This week’s Federal Budget did not have any promising signals for encouraging the uptake of electric vehicles, or to increase spending on installing the essential infrastructure needed to allay fears that motorists won’t be able to recharge on long trips away from home.
The Federal government did allocate $5 million to creating an advanced manufacturing facility in South Australia to assemble electric vehicles, but this is a small allocation compared to the $200 million plus allocated to increase diesel fuel storage capacity.
The Budget also does not appear to have allocated any funds to installing hydrogen fuel infrastructure either, but this may be a blessing.
In last September’s Technology Roadmap, the government talked about the development of clean hydrogen, with its reliance on carbon capture and storage, rather than ‘green’ hydrogen produced from 100 per cent renewable electricity.
A lot of countries are talking about developing hydrogen as some sort of economic saviour, Argentina and Chile among them, but at least their focus is green hydrogen.
Hydrogen cars ‘no economic panacea’
One use for hydrogen is to fuel a type of electric car, often termed fuel cell electric vehicles – but let’s just call them hydrogen cars.
While there are no tail pipe emissions, transitioning to hydrogen cars may not be the economic panacea that might be hoped for in comparison to plug-in electric vehicles.
Globally, most hydrogen is made by steam reforming of methane or natural gas, where the chief by-product is carbon dioxide and other greenhouse gases; the next most common method to obtain hydrogen is coal gasification, and globally only about four per cent is formed from water by electrolysis due to its expense.
While hydrogen can be produced by electrolysis, there is no guarantee that the electricity is 100 per cent renewable energy.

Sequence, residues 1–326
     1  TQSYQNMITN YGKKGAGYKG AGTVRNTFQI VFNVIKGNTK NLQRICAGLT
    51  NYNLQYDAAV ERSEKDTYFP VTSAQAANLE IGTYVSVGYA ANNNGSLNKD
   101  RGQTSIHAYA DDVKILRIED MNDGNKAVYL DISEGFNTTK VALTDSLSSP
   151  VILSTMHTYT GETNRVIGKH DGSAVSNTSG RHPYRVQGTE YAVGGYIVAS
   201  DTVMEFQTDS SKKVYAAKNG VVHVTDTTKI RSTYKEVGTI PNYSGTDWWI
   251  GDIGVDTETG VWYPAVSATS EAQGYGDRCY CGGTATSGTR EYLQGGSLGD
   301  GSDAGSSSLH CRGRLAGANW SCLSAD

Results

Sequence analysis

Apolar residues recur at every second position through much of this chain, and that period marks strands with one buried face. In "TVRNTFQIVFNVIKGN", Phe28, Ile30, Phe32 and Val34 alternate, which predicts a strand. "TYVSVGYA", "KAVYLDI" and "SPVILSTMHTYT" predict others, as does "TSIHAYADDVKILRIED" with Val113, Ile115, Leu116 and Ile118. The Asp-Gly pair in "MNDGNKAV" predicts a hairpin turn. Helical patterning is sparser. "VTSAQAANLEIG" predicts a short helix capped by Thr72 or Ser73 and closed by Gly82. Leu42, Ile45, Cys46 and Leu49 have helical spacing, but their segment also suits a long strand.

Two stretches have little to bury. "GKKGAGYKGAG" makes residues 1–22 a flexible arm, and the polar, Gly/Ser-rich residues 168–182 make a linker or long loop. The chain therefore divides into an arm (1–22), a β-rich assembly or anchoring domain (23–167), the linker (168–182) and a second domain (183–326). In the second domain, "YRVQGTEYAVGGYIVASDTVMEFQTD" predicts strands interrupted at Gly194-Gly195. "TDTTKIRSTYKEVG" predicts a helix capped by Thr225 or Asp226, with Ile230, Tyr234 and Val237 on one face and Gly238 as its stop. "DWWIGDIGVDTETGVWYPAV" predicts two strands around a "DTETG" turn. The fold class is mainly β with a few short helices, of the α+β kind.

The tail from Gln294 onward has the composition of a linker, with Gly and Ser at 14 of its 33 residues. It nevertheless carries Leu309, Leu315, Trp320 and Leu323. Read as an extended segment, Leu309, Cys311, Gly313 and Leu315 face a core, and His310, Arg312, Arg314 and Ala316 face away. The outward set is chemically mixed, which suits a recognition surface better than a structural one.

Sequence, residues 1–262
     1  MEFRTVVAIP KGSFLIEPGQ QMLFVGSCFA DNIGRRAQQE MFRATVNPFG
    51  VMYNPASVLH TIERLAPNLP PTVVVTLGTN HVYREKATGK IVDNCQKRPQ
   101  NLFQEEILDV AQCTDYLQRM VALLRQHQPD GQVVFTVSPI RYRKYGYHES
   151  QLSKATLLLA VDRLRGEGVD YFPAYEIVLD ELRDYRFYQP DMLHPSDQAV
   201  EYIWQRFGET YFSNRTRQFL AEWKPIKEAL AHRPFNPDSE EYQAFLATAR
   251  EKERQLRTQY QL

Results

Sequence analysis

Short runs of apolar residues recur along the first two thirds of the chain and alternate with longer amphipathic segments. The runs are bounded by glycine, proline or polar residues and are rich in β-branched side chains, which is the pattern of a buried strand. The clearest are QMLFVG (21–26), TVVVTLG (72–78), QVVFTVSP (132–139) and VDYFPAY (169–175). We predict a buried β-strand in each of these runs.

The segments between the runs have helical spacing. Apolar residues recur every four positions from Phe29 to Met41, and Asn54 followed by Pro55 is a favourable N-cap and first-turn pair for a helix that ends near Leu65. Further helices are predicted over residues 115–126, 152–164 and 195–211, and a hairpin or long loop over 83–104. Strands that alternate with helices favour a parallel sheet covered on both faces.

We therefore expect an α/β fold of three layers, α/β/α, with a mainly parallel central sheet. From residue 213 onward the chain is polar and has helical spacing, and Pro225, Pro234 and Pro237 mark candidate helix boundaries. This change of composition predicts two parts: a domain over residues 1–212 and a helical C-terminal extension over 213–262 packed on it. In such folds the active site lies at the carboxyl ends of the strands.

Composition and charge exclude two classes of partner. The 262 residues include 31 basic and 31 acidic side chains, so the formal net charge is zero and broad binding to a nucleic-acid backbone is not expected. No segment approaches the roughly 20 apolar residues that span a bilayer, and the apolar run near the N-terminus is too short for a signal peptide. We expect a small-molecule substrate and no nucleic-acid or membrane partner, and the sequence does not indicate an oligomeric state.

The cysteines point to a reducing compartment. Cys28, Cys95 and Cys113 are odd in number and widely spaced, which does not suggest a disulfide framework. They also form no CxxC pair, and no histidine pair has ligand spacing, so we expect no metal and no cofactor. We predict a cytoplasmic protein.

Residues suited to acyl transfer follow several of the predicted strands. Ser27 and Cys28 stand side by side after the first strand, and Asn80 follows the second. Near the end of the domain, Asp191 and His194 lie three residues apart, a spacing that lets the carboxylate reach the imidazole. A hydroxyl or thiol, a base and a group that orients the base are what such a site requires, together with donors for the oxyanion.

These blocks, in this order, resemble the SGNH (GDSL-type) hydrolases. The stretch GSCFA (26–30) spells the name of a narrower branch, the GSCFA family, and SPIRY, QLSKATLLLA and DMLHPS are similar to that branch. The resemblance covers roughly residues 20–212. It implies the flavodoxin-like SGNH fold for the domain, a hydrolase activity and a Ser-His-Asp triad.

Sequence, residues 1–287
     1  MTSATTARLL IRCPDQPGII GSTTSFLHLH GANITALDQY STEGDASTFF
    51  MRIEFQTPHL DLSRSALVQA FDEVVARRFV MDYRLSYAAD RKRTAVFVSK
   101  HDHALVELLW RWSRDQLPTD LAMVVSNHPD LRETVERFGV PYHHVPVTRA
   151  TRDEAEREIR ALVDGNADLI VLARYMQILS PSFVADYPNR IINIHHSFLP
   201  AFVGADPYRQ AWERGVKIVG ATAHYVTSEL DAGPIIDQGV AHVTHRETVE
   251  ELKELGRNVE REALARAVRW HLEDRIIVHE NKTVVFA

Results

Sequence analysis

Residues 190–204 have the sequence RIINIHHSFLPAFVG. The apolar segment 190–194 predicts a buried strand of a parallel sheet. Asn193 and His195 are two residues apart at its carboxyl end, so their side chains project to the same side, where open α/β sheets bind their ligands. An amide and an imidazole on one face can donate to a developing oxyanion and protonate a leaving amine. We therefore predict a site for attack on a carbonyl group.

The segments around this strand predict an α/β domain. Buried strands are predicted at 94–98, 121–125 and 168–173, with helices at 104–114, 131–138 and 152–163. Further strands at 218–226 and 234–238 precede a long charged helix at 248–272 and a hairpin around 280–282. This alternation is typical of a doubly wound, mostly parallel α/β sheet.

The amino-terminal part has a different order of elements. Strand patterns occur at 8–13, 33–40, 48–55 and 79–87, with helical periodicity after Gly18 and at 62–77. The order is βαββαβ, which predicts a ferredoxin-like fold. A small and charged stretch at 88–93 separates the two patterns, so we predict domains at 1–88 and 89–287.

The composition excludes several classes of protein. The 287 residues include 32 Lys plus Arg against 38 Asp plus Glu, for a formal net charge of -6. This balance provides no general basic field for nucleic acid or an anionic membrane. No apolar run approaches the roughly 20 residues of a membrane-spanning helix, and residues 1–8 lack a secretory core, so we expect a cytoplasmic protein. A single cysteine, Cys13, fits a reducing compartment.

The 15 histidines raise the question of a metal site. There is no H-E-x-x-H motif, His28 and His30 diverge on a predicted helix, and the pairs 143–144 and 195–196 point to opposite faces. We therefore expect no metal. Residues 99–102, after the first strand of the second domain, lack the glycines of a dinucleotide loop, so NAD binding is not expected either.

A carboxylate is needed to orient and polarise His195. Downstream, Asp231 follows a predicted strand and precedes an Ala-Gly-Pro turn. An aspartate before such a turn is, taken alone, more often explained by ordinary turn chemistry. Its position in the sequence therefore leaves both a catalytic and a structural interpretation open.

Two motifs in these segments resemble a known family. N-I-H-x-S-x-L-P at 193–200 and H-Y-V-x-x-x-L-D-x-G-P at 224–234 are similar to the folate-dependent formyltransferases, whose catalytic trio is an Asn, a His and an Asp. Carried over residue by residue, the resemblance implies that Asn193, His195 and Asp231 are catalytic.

However, the biggest factor that impacts on the economics to use hydrogen cars is that to propel the car forward they use at least twice as much electricity per kilometre than plug-in electric vehicles and are relatively inefficient.
And given that Australia does not have 100 per cent renewable energy, and quite large proportions of coal used to produce electricity, even if the hydrogen was produced by electrolysis of water, it isn’t going to be clean fuel.
And given the inefficiency of the cars, using exclusively renewable energy to make the hydrogen isn’t the best use of that electricity.
You would need to double the electricity generation to go the same distance.
The additional expense of green hydrogen
So, if all our passenger cars were electric it would be about 23 per cent of our electricity demand but if they were all hydrogen it would be double that.
That’s a lot of additional expense to install enough renewable generation to produce the green hydrogen.
Not only are the cars inefficient but hydrogen refilling stations almost non-existent in Australia, and the cost of installing the infrastructure is enormous.
Transportation of hydrogen is difficult, although CSIRO is working on that problem and by all accounts the hydrogen has leakage problems during delivery.